The "Whenever Newsletter" containing the wit and wisdom of LDS author Susan Law Corpany is put out several times a year, but not on any set schedule. You will find the stories behind the stories, excerpts from works in progress, humorous insights, ideas for how to avoid doing housework. In other words--whatever and whenever. (Just a touch of rebellion.) Subscription is free and free from the contraint of a publishing schedule, because after all, writers are under enough deadlines. Enjoy!
Newsletter Dated: 5/23/2012 8:01:14 AM
Subject: Musings on Motherhood now available
I just published a collection of essays about mothers, kind of a "momoir" with stories about my mother and my experiences as a mother and stepmother, mother-in-law and grandmother. It is priced to move at 99 cents until the end of the month, so you can still get one for yourself and/or your mother.
Also available in paperback:
Here is a humorous excerpt:
For old times’ sake, my teen-age son and I had decided to color some Easter eggs. Okay, I decided. He was humoring me. Perhaps I was trying to recapture those innocent days of childhood when he still believed in Santa Claus, the Easter Bunny and that Mom was the most awesome woman in the world. I could banish booboos and bullies. He thought my macaroni and cheese was a gourmet meal. I was smart enough to help him with his homework.
I realized that somewhere along the way I had plummeted from my perch on the pedestal and had become human. I had reached the pinnacle of my parenthood and was descending fast. I can’t pinpoint the exact day I moved from the “credit” to the “debit” column. I tried one day to make a withdrawal from my account and suddenly discovered I was in the red, when I’d been so sure I had a cushion in that account.
At one point, realizing I was not only no longer a superhero, but now a hideous embarrassment, I offered to have a t-shirt made that declared “I am with my mother for transportation purposes only.” One night the hormone fairy appeared and in one fell swoop he went from sweet to sarcastic. Nevertheless, I carried on, as hopeful that I could reclaim his lost youth as I was that I could reclaim my own and magically awake to thighs free of cellulite, eyes free of crow’s feet and body parts that were not in a constant state of free fall.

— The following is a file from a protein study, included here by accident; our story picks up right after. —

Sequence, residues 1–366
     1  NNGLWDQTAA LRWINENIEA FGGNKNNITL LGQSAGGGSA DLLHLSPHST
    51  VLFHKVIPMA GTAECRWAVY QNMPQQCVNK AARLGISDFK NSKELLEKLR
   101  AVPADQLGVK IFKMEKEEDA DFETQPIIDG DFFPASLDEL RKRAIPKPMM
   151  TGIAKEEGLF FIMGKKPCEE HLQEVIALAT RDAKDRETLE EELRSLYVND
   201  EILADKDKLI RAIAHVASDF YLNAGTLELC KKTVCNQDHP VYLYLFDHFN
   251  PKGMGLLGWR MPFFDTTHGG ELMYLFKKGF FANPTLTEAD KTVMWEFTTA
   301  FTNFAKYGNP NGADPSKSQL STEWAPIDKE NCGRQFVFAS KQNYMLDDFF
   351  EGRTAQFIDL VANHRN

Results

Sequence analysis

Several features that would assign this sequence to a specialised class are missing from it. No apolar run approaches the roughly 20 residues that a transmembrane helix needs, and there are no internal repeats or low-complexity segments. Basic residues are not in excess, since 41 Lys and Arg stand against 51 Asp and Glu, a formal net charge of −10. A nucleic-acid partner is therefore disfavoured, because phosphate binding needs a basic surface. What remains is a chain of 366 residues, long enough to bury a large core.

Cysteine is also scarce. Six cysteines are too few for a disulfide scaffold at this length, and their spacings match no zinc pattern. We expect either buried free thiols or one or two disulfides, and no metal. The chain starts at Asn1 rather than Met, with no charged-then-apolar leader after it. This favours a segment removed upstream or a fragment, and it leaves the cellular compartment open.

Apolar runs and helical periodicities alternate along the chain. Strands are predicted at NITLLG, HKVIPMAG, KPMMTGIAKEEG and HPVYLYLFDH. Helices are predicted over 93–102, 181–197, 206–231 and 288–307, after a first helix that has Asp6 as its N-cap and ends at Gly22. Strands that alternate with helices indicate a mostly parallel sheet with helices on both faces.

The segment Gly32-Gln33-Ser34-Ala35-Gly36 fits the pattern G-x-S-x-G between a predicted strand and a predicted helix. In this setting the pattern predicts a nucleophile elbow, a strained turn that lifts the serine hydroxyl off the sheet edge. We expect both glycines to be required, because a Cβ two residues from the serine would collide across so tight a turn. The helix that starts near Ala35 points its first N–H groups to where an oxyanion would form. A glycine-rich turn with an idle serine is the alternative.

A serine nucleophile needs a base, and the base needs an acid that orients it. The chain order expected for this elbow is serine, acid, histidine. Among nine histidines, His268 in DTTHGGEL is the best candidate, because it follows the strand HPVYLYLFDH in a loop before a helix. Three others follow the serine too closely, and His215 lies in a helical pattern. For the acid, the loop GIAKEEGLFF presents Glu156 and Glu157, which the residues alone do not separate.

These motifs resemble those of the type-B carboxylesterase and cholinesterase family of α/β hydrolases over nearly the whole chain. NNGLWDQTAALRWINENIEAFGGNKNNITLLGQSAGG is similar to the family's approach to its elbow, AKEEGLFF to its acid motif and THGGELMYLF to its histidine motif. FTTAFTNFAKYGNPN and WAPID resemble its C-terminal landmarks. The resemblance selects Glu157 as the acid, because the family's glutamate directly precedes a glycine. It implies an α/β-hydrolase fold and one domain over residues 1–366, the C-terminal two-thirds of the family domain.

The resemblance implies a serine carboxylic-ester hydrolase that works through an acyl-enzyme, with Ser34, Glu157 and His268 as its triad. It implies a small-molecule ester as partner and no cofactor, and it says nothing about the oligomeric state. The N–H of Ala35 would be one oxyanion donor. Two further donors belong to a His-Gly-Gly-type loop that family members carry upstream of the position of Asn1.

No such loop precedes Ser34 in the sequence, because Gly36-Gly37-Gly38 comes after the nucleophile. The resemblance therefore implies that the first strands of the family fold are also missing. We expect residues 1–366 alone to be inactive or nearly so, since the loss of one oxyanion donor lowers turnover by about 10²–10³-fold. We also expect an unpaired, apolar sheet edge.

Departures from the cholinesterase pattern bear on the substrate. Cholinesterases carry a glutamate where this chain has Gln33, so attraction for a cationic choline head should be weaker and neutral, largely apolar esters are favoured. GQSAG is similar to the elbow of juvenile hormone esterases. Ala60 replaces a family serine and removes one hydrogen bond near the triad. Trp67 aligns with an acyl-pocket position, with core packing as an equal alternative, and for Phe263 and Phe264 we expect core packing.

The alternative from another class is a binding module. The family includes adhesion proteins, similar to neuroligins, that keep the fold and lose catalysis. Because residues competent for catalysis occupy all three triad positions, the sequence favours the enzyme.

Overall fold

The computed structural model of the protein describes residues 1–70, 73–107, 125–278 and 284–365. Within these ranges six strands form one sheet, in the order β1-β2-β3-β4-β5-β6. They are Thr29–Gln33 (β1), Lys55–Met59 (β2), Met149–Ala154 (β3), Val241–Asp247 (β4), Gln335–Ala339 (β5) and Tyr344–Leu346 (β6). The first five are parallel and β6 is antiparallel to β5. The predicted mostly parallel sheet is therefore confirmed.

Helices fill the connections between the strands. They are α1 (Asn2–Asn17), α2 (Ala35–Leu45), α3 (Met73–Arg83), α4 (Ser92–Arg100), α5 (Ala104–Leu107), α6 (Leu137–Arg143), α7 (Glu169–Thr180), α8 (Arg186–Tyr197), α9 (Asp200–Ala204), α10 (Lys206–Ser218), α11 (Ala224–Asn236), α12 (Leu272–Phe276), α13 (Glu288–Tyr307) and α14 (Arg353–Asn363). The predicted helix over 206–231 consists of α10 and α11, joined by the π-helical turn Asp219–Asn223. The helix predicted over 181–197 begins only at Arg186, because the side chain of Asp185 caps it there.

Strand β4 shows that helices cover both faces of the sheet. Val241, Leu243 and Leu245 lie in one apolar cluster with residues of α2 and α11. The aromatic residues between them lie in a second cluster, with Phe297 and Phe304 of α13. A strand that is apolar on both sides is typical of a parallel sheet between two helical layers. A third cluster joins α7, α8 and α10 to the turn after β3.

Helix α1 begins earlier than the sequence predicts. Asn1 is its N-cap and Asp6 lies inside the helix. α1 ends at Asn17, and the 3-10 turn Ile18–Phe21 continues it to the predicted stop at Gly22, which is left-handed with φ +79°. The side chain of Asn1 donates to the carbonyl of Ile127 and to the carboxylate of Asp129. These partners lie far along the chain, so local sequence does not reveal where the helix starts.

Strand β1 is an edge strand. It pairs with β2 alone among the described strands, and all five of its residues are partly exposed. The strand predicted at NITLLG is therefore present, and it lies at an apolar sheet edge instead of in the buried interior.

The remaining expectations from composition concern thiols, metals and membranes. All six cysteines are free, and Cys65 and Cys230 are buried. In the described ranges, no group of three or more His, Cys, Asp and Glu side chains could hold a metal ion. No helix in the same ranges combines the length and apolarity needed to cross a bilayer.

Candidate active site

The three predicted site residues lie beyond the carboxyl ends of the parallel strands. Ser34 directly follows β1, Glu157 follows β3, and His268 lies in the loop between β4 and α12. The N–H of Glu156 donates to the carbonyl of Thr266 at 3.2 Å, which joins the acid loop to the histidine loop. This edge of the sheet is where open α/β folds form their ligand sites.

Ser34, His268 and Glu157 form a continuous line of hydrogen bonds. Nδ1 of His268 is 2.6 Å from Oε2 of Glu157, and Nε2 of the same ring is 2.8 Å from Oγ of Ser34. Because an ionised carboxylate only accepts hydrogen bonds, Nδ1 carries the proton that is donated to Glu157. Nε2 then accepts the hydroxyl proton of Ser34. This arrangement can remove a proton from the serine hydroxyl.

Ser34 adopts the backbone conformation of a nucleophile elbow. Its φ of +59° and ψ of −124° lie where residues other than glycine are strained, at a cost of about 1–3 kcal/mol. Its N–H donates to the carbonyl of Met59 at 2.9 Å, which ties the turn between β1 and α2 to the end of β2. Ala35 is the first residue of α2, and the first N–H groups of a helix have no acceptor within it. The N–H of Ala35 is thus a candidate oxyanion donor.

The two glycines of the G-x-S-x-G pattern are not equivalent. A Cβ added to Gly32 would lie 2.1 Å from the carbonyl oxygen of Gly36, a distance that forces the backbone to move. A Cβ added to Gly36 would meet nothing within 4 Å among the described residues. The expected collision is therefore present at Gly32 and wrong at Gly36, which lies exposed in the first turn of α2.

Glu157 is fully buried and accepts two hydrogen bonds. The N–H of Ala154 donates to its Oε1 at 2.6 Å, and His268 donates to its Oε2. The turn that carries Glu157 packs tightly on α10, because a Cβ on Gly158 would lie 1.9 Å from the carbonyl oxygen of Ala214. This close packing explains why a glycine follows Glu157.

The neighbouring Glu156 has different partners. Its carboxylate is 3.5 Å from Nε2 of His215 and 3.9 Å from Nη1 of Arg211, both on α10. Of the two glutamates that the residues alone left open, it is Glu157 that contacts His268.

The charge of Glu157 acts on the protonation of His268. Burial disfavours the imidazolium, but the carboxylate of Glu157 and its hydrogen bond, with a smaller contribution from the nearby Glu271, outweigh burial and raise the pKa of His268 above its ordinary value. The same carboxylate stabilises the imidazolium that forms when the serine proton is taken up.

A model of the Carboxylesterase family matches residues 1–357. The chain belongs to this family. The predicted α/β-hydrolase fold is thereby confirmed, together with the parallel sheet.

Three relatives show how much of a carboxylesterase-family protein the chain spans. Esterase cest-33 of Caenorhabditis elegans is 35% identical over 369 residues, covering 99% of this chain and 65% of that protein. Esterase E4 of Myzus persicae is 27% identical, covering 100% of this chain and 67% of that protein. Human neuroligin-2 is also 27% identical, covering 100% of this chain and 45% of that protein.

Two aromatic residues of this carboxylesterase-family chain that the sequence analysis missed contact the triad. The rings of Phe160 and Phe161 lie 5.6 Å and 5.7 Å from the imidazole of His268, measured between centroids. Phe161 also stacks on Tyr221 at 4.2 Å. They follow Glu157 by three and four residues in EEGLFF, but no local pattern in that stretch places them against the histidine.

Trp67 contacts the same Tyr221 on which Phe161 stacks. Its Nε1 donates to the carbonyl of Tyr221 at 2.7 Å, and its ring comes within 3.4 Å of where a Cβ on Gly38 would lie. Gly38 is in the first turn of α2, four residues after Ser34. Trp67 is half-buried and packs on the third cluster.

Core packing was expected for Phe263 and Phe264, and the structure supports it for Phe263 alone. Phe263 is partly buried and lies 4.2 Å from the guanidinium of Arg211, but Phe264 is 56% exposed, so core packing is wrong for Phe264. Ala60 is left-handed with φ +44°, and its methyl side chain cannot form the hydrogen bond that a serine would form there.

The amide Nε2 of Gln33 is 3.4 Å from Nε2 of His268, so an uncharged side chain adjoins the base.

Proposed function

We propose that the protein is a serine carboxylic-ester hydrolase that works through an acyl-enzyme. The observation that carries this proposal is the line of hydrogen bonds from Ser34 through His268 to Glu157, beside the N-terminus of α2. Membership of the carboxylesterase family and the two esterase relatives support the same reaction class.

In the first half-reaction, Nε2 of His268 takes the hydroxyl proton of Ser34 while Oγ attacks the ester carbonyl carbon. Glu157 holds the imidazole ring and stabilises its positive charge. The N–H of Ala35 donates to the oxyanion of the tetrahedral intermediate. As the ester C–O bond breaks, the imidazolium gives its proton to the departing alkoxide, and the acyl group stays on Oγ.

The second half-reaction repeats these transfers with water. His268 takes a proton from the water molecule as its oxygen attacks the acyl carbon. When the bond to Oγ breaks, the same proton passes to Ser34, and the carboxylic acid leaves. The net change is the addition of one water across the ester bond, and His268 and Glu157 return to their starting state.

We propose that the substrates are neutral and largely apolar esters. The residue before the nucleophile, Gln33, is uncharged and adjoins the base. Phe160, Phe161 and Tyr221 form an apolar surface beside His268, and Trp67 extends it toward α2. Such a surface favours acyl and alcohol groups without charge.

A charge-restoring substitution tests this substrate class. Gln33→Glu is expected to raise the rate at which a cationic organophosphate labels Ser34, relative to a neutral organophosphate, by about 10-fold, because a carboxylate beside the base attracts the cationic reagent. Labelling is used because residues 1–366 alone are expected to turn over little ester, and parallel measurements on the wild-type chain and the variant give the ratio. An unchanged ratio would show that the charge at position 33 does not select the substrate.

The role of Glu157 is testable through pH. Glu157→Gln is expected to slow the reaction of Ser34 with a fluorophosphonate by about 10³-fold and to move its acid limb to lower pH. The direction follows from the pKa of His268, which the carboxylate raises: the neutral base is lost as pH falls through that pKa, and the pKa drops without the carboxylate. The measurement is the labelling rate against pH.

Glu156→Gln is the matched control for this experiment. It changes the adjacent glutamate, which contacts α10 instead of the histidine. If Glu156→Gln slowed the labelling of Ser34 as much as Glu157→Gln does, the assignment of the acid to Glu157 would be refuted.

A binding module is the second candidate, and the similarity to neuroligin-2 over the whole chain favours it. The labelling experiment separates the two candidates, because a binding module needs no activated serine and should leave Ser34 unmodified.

The coloring kit had changed since the last time we’d colored eggs together. Instead of little pills, there were color capsules. I assumed they were self-dissolving like the pills, and we plopped one into each of the waiting jars of water and vinegar. Soon we realized nothing had happened.
“I bet we were supposed to open the capsules and pour the contents into the water,” I said. I got a spoon and we fished the capsules out, dried them the best we could, and tried to pry them open. We laughed as our fingers turned bright blue, red and purple. At best we dribbled enough solution into the water to produce some pale pastel eggs.
“I guess next time we should read the directions first,” I suggested.
My son grabbed the instruction sheet. “Here’s what we missed,” he said.
“Does it say you’re supposed to open the capsules and dump the contents into the water?”
“I don’t know, but it says here that we should be sure to have adult supervision.”
Okay, I accept it. He’s grown up.
I understand this is a sign that adoring grandchildren are in my future.
On an unrelated note:
The owner of Cedar Fort, the company that published my last novel, is making a bid to be able to conduct the Mo Tab. His name is Lyle Mortimer, and he needs about 600 more votes to catch up to the guy out in front, more to stay ahead, because that guy will keep getting votes, too. Vote for Lyle and share the link, if you feel so inclined.
Thanks everybody and have an awesome summer!
Come see us at our vacation house in Hawaii if you run out of things to do.